by Tony Dayoub
I was one of many who wondered about the wisdom of remaking a film which was an international phenom only one year after it played domestically. After all, there was no way a prudish Hollywood version would be able to dive into the depths of the type of depravity that the Swedish adaptation of Stieg Larsson's novel sinks the viewer into. As was the case with the American remake, Let Me In, though, David Fincher's The Girl with the Dragon Tattoo goes all in and maybe even further in both sexual explicitness and thematic scope. Surprisingly, it also provides further insight into Fincher's growing preoccupation with the breakdown of secrecy as a result of the increasing advances in information brokerage.
At its surface, The Girl with a Dragon Tattoo is about a disgraced investigative journalist, Mikael Blomkvist (Daniel Craig), who takes on an unusual assignment at the behest of elderly industrial magnate Henrik Vanger (Christopher Plummer). Working with the ultra-emo Lisbeth Salander (Rooney Mara)—a streetwise hacker savant—Blomkvist searches for answers regarding the disappearance of Vanger's niece Harriet over 40 years ago. Given the circumstances, the most likely suspects are Vanger's relatives, a corrupt collection of former Nazis, eccentric entrepreneurs and corporate tycoons that include his nephew, Martin (Stellan Skarsgård) and niece, Anita (Joely Richardson). Down deep, though, Larsson's story is really about the clash of old Sweden against new Sweden; its buried ties to Nazism only the most obvious example of a pervasive streak of xenophobia that threatens to be exposed in the age of Google, where the gradually smaller global village is causing such exclusion or fear of the other to fast become a relic.
Vanger's world of secrets is giving way to Blomkvist's era of transparency, and the emergence of the ultimate "other," Salander—a cipher-like receptacle of informational minutiae—is the only logical outcome. The Girl with a Dragon Tattoo is in many ways an extension of themes Fincher began exploring as early as Se7en: secrets will be exposed. But with each successive film, this idea has morphed and developed past the simple premise of a "lone gunman"-type agent doing the exposing. Neither Se7en's John Doe (Kevin Spacey) or Fight Club's Tyler Durden (Brad Pitt), both conspiratorial nut-jobs, are mentally capable or sophisticated enough to properly expose the underlying evils that plague society. Zodiac's Robert Graysmith (Jake Gyllenhall) is the Fincher Seeker 2.0—unafflicted by the same level of mental imbalance as his two precursors, but still hampered in solving the identity of a serial killer by the analog tools of his time. Volumes of books and files are not really portable the way a simple laptop is, as Dragon Tattoo's Blomkvist would no doubt attest to. But here comes Salander, a fictional cousin to The Social Network's version of Mark Zuckerberg (Jesse Eisenberg).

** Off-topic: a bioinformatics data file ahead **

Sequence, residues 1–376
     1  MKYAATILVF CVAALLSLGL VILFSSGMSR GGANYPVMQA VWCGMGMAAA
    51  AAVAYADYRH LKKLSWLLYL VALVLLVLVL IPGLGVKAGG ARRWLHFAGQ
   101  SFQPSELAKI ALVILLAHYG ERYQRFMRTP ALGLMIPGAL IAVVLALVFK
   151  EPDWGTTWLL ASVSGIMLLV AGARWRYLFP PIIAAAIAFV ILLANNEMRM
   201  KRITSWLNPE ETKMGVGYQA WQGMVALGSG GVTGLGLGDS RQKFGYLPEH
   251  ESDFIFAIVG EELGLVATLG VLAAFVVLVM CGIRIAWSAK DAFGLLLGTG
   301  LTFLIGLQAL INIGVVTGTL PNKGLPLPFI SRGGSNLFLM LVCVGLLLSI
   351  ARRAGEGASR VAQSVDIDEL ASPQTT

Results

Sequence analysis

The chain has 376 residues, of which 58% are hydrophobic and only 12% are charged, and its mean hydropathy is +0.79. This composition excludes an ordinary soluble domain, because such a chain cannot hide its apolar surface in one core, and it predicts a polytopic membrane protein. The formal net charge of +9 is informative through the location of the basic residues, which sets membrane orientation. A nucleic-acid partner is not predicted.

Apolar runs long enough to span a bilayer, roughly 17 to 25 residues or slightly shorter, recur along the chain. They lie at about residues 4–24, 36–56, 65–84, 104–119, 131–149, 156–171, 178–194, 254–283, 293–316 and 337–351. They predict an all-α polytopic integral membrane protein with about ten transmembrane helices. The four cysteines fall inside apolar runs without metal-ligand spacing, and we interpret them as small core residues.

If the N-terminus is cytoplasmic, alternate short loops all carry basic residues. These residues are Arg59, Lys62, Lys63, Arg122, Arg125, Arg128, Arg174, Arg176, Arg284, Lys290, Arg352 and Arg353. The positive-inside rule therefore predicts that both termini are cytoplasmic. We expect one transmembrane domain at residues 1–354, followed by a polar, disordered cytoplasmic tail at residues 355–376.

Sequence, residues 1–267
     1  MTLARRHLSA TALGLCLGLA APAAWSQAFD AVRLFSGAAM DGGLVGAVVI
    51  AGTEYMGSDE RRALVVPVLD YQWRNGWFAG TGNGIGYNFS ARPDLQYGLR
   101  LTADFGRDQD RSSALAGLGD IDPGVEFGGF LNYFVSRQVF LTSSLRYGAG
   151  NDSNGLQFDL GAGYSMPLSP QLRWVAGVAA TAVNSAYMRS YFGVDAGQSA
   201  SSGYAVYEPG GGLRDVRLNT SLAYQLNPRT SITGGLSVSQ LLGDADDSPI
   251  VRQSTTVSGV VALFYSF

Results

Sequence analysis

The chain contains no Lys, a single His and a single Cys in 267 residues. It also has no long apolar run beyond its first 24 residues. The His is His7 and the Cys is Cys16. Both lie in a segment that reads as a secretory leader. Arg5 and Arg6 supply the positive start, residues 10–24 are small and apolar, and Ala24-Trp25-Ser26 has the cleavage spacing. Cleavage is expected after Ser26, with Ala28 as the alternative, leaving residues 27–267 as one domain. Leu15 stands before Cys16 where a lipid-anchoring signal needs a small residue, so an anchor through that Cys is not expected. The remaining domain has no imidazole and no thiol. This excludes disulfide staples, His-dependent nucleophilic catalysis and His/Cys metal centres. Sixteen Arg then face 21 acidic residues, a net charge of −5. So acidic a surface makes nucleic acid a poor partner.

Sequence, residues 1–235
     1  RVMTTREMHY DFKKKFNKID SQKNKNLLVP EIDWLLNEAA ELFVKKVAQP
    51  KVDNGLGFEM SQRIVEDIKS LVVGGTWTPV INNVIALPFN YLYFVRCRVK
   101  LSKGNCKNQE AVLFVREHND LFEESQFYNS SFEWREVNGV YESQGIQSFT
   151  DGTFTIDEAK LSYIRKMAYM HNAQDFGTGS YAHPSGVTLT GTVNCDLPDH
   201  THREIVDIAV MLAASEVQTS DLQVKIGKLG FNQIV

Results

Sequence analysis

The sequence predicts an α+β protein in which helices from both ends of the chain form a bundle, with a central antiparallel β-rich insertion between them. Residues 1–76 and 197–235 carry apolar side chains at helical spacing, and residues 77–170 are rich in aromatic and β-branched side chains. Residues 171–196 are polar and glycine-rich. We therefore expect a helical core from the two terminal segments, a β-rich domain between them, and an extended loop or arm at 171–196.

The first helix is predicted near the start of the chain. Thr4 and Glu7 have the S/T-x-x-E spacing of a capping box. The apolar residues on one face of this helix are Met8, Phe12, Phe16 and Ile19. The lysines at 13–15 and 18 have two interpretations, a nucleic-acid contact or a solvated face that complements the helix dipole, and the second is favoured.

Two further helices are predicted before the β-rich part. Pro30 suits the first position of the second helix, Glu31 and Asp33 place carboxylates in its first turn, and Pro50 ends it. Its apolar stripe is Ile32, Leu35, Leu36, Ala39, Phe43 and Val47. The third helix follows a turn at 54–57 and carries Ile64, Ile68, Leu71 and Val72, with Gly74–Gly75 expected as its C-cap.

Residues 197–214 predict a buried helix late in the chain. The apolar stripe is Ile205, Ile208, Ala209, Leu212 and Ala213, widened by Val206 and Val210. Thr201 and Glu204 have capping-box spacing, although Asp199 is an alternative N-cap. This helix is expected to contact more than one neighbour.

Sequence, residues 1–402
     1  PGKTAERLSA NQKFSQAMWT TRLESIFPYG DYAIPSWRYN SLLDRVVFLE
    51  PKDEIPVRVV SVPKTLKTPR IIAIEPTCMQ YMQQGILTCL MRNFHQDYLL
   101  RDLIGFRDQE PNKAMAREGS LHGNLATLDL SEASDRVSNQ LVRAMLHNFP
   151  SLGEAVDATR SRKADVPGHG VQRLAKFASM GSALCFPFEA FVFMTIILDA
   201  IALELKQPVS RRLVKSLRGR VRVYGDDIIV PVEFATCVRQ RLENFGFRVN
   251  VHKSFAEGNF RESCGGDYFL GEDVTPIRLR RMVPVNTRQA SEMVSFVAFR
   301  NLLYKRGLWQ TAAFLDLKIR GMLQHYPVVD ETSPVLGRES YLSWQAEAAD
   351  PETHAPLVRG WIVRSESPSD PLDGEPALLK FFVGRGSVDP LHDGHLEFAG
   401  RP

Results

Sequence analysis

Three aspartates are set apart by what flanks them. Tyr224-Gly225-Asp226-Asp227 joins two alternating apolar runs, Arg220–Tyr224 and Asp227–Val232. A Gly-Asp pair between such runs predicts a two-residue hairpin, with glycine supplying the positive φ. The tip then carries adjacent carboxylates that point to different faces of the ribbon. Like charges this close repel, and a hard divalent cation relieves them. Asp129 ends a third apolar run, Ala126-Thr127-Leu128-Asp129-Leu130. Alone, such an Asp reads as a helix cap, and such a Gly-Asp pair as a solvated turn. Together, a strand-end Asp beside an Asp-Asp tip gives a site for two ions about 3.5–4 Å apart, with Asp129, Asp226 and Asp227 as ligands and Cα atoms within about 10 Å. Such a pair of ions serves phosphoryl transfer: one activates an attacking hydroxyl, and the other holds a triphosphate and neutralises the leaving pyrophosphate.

The concept of the "Quantified Self" was discussed yesterday on NPR, coincidentally while I was en route to the Dragon Tattoo screening. What it boils down to is that we are now so interconnected to our technology that we are able to quantify everything about ourselves, from our sleeping patterns and geographical movements to our literary tastes and the restaurants we prefer. This is creating a more comprehensively documented virtual self that we can turn to when seeking answers for medical ailments, financial needs, etc. Fincher makes us far more conscious of this continual monitoring of the self and others than was ever attempted in the original Swedish film by Niels Arden Oplev. The success of the more analog Blomkvist and the digital Salander lies in their interconnectedness, a thesis Fincher begins to lay out in the opening credit sequence depicting organic, liquid-like cables encircling male and female figures that resemble the two protagonists. Salander's ability to quantify her self and that of her partner (due to a rather complete background check of Blomkvist she completed early in the film) allows them to more quickly course correct when traveling down a metaphorical dead end than any of Fincher's previous Seekers have ever been able to.
Of course, Salander's Asperger-like detachment and facility with technology is reminiscent of the type of criticism lodged against Fincher himself for making movies that are technically adept but emotionally frigid. And I suppose there might be some overlap. Fincher certainly has a fluency with the kind of voyeuristic syntax necessary to explain his obsessions with exposing secrets. Security-cam shots like the one above, a predisposition towards laying out key plot components on computer screens and the open floor-to-ceiling windows of Martin Vanger's mountaintop home all speak to the level of exposure that society lives under today. In The Girl with the Dragon Tattoo, the mystery isn't what happened to Harriett Vanger, but how it's even possible that no one has discovered the answer yet.